City of Capitals (Moscow Tower) at 76 stories, was for a time, the tallest building in Europe. Though now surpassed by it’s near neighbor, the twin tower development remains a key project in the development of a new high rise district in Moscow, adjacent to the Moscow River. Comprised of retail, entertainment, office and luxury residential, the segmented towers were inspired by artist Vladimir Tatlin and Russian Constructivism.

After arriving in torrential downpours the night before, I was hugely relieved to wake up to perfectly clear blue skies. Hastening out across the Moscow River, the clouds starting bunching up right on cue to provide the perfect reflections needed to animate the various segments of the towers.

 

Parking Space

Tuesday, August 7th, 2012

Ogrydziak Prillinger have just completed their OURCADIA project in the Tenderloin district of San Francisco.

Raised garden beds envelope two seating areas, creating immersive green clearings in the hard-edged Post Street canyon. The organic forms offer a slice of ‘nature’ in contrast to the urban streetscape, while the sloping surfaces are open to interpretation with regard to use.

OURCADIA is part of a series of projects that OPA has been developing which use computational design to control the behavior of slopes. Within this context, OURCADIA was designed to optimize four types of desirable, objectively definable slopes: slopes for sitting, perching, lounging, and planting. OPA loosely defined geometric parameters for each of these conditions, then developed a growth simulation. The form emerges from a combination of programmatic goals and a little (natural!) randomness.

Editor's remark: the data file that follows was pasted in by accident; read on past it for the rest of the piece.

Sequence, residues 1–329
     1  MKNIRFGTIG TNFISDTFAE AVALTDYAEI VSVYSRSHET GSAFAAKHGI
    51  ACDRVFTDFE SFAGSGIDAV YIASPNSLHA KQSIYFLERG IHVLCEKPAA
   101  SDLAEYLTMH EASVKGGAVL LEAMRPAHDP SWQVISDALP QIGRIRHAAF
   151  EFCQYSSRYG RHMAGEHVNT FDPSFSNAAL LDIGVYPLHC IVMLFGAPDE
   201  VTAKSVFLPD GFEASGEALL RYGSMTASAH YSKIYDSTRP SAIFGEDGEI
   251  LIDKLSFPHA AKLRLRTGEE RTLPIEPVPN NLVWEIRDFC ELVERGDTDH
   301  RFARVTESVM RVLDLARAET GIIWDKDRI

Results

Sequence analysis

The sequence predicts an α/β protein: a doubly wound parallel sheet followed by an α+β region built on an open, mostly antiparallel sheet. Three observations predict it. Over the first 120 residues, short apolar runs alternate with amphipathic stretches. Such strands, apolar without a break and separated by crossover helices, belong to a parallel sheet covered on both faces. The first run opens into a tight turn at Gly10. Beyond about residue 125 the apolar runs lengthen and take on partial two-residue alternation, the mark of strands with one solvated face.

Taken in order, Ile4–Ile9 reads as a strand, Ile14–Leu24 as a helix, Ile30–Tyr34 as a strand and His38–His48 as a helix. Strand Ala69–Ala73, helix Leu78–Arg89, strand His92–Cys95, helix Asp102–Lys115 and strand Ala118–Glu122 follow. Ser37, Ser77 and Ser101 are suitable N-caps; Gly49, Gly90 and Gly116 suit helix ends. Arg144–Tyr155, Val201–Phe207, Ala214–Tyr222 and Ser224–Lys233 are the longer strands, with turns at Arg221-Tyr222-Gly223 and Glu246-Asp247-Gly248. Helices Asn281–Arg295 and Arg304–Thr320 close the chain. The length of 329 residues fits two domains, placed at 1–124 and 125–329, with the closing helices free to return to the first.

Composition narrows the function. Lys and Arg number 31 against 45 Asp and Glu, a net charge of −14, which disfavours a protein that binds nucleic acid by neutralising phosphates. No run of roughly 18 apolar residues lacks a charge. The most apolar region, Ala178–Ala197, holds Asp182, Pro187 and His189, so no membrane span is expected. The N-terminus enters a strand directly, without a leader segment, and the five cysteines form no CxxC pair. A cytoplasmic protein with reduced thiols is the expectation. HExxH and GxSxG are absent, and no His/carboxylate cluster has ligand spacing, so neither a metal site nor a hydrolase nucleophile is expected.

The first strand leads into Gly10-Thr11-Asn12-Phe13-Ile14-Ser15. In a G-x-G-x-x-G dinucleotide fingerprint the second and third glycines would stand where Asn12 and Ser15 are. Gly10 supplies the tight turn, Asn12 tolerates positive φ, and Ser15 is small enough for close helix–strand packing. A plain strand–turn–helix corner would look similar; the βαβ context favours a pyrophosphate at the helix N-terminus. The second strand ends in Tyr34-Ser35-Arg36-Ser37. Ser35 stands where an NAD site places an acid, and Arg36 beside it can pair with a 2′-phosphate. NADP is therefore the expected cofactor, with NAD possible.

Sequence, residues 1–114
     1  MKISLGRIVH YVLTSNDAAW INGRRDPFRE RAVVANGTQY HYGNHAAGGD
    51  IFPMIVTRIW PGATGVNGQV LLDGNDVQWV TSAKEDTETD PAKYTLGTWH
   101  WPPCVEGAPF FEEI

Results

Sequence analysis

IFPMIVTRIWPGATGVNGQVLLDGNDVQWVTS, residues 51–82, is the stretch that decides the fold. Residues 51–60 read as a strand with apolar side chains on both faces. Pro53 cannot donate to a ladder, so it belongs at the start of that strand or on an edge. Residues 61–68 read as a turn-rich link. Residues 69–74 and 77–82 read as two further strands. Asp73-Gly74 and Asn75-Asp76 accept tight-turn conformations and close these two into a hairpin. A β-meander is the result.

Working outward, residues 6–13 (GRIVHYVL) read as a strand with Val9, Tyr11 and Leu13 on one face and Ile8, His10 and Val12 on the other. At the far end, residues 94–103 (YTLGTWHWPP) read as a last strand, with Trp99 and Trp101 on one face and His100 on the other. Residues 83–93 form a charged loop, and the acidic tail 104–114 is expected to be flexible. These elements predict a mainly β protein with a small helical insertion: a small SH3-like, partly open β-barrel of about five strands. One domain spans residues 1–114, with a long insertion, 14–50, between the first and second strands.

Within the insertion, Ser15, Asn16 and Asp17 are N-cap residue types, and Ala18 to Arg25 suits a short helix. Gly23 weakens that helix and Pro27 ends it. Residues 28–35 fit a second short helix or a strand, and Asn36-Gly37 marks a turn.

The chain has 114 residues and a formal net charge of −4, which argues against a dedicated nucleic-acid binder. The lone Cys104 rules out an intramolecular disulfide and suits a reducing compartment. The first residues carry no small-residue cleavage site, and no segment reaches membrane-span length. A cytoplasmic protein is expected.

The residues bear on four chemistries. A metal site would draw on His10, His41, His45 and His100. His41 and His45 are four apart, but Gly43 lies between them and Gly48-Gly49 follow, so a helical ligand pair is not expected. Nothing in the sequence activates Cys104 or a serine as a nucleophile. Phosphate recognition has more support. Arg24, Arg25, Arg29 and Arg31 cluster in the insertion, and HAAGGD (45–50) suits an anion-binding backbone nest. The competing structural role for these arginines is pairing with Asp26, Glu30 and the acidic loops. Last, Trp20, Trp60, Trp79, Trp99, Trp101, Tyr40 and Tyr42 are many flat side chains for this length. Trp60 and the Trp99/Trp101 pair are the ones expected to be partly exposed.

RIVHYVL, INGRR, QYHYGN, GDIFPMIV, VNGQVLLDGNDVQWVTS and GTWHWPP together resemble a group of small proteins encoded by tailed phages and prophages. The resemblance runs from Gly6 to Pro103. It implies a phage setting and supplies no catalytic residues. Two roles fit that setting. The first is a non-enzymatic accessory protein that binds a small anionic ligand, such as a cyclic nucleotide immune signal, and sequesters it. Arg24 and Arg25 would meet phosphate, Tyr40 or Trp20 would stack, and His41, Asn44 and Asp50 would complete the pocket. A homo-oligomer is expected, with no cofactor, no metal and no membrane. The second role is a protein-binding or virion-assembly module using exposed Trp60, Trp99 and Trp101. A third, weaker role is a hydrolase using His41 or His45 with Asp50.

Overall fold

Rock Enrol

Monday, August 6th, 2012

We recently returned to CalPoly in San Luis Obispo for Cannon Design to capture the rock climbing facility that had been installed since our last visit a few months prior.The practice walls provide an excellent training program in preparation for more physical and challenging climbs in nearby Californian locations such as Yosemite National Park.

On Guard

Friday, August 3rd, 2012

The winning projects for the 2012 International Architecture Awards for the Best New Global Design have just been announced.

The awards, recognizing excellence in international architectural achievement and cutting-edge design, are selected by an international panel of distinguished architects and educators from a list of entries submitted from around the world. It is administered by the European Centre for Architecture Art Design and Urban Studies and the Chicago Athenaeum.

Among the winners were two projects we recently photographed.

The Burj Khalifa Gatehouses in Dubai, designed by Adrian Smith + Gordon Gill Architecture.

The OZ House in Silicon Valley, designed by Swatt I Miers Architects.

Balanced Outlook

Thursday, August 2nd, 2012

The August issue of Architectural Record  features the stunning Denton Corker Marshall’s View Hill House. Surrounded by almost 80 acres of vines, the house sits atop a granite hill with views extending in every direction to the foothills and peaks of the Great Dividing Range.


To best capture the very graphic nature of the design, we took the air, skipping over the autumnal colors of the vineyards in the valley below. As the site fell away sharply to the east and with a tip of the headset to the great piloting, we were able to get level with the house for a perfect elevation.